separation

A Republican member of Congress retiring at the end of this year says President Trump’s executive order ending child separation is hypocritical.

The Hill’s Scott Wong recently spoke to Rep. Ileana Ros-Lehtinen (R-Florida) to gauge her reaction to Trump’s announcement that he’ll sign an executive order ending his administration’s massively unpopular policy of separating families from their children at the border. According to Wong, Rep. Ros-Lehtinen said Trump had a “fragile ego” and was simply an “arsonist” trying to make himself out to be a “fireman.”

President Trump made the announcement on Wednesday afternoon, just a day after Homeland Security Secretary Kirstjen Nielsen’s dinner at a Mexican restaurant was interrupted by activists who confronted her over the family separation policy. While details of the new policy have yet to be revealed, the administration’s “zero tolerance” policy of charging undocumented immigrants crossing the border with a criminal infraction (as opposed to a civil offense) will remain unchanged. Rather, families will be jailed together instead of separate.

Trump repeatedly tried to blame Democrats — who are the minority party in both houses of Congress and not in a position to unilaterally make legislative changes — for his administration’s own policy of taking children away from parents. Secretary Nielsen falsely stated on multiple occasions that the Trump administration didn’t have a policy of separating families (even though Attorney General Jeff Sessions formally announced it in May).

Trump’s announcement of the new executive order ending the separation of undocumented families comes on the same day as World Refugee Day. On his official Facebook page, former President Barack Obama commented on the plight of people fleeing instability and violence to seek a better life for them and their families, and pleaded for more humane treatment of refugees.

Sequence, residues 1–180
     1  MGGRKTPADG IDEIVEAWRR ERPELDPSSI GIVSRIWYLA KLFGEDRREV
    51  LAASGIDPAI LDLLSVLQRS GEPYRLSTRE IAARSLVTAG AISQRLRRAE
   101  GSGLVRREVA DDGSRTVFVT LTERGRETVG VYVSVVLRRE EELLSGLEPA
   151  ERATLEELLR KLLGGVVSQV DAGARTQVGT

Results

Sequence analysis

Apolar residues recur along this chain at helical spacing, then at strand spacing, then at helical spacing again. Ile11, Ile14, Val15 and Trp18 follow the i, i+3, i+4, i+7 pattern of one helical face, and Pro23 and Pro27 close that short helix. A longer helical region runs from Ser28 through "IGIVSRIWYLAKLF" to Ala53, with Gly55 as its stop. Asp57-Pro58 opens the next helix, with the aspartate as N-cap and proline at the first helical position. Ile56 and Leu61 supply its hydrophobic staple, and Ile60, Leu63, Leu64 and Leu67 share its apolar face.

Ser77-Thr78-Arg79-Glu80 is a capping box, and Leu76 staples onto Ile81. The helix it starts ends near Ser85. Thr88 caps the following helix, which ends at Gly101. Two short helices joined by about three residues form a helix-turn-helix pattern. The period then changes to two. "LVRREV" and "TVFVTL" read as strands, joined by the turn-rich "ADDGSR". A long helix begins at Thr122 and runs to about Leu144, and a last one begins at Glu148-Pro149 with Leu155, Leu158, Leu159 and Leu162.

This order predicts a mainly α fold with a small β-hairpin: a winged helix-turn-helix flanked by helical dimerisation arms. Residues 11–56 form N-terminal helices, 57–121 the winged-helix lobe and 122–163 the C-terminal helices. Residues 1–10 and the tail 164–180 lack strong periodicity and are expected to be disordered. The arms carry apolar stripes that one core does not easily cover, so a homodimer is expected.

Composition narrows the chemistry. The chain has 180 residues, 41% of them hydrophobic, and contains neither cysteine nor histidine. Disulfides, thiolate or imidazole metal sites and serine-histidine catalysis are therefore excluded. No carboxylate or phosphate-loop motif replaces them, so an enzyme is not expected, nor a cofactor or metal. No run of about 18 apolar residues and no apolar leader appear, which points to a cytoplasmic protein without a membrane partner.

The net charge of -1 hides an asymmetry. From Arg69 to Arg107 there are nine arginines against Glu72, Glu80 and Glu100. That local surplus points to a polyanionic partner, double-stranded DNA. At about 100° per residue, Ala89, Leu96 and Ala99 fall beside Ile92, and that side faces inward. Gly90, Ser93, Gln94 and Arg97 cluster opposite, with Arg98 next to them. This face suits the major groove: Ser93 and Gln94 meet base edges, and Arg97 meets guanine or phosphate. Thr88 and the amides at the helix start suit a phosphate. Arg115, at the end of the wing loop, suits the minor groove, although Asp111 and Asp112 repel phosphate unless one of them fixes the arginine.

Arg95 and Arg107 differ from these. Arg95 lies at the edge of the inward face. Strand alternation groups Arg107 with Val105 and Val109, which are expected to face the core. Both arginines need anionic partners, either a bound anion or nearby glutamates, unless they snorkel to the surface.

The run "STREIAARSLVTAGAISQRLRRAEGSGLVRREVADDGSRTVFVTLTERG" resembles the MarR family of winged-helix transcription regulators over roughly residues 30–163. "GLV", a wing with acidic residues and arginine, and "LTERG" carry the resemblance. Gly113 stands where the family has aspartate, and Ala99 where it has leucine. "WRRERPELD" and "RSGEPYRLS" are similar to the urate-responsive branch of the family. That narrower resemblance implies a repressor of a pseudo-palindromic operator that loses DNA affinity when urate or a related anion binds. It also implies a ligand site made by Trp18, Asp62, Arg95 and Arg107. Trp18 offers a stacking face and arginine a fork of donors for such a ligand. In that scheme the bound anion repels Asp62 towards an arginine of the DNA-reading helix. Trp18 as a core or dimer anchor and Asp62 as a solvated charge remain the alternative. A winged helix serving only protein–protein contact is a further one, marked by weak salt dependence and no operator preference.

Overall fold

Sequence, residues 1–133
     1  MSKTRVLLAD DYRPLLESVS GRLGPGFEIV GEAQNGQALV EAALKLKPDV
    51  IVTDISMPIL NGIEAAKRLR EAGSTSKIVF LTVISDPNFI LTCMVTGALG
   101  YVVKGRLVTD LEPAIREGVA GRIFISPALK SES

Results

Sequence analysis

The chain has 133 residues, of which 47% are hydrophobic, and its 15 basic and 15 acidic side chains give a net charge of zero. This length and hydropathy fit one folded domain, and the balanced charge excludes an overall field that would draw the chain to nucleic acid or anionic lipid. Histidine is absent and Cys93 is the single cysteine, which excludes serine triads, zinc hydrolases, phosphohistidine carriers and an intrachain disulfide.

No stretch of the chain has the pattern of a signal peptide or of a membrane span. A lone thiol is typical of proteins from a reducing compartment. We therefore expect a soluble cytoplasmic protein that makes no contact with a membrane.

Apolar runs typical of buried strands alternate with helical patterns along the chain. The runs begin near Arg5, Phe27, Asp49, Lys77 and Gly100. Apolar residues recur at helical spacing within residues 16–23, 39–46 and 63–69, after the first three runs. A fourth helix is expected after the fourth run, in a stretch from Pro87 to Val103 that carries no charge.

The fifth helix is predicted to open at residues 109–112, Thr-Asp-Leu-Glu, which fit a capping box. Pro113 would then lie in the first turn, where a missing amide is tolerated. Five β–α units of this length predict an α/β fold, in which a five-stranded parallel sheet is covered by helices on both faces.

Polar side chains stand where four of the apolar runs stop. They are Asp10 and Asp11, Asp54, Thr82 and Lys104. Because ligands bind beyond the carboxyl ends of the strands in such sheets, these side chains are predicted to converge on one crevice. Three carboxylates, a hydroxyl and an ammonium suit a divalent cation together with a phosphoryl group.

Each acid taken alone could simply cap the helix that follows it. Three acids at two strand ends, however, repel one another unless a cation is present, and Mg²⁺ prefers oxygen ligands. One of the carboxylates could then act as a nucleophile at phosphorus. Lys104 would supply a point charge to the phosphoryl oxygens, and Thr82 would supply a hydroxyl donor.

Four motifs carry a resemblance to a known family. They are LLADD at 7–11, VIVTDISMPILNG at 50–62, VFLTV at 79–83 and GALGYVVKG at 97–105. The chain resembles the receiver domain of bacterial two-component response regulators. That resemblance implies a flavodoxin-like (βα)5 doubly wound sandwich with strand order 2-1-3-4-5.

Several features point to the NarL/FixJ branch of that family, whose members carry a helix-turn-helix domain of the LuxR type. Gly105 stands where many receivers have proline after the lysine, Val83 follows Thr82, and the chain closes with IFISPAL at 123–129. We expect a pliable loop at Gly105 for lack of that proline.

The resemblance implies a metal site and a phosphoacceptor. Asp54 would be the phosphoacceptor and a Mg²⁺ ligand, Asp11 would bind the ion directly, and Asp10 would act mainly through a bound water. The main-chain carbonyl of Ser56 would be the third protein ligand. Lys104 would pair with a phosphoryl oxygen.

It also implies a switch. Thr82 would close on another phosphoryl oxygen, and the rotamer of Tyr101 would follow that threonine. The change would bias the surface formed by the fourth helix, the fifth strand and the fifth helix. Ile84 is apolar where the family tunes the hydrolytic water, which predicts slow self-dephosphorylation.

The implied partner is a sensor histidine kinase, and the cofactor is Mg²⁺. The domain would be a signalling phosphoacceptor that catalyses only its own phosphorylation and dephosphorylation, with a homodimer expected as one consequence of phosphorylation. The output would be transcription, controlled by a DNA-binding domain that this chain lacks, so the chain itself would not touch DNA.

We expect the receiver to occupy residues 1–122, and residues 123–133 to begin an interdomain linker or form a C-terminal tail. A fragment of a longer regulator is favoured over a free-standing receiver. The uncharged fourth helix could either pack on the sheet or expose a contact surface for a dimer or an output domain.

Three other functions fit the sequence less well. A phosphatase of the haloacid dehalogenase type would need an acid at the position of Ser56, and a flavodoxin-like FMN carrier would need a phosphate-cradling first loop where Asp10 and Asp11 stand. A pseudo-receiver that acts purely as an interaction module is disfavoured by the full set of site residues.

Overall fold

“After all, almost all of us were strangers once, too. Whether our families crossed the Atlantic, the Pacific, or the Rio Grande, we’re only here because this country welcomed them in, and taught them that to be an American is about something more than what we look like, how our last names sound, or the way we worship,” Obama wrote. “To be an American is to have a shared commitment to an ideal – that all of us are created equal, and all of us deserve the chance to become something better.”

 

Jake Shepherd is a freelance writer from Cleveland, Ohio. He enjoys poring through financial disclosure statements, spirited debate, and good scotch. He remains eternally optimistic about the Browns. Email him at jake.d.shepherd.21 (at) hotmail (dot) com.

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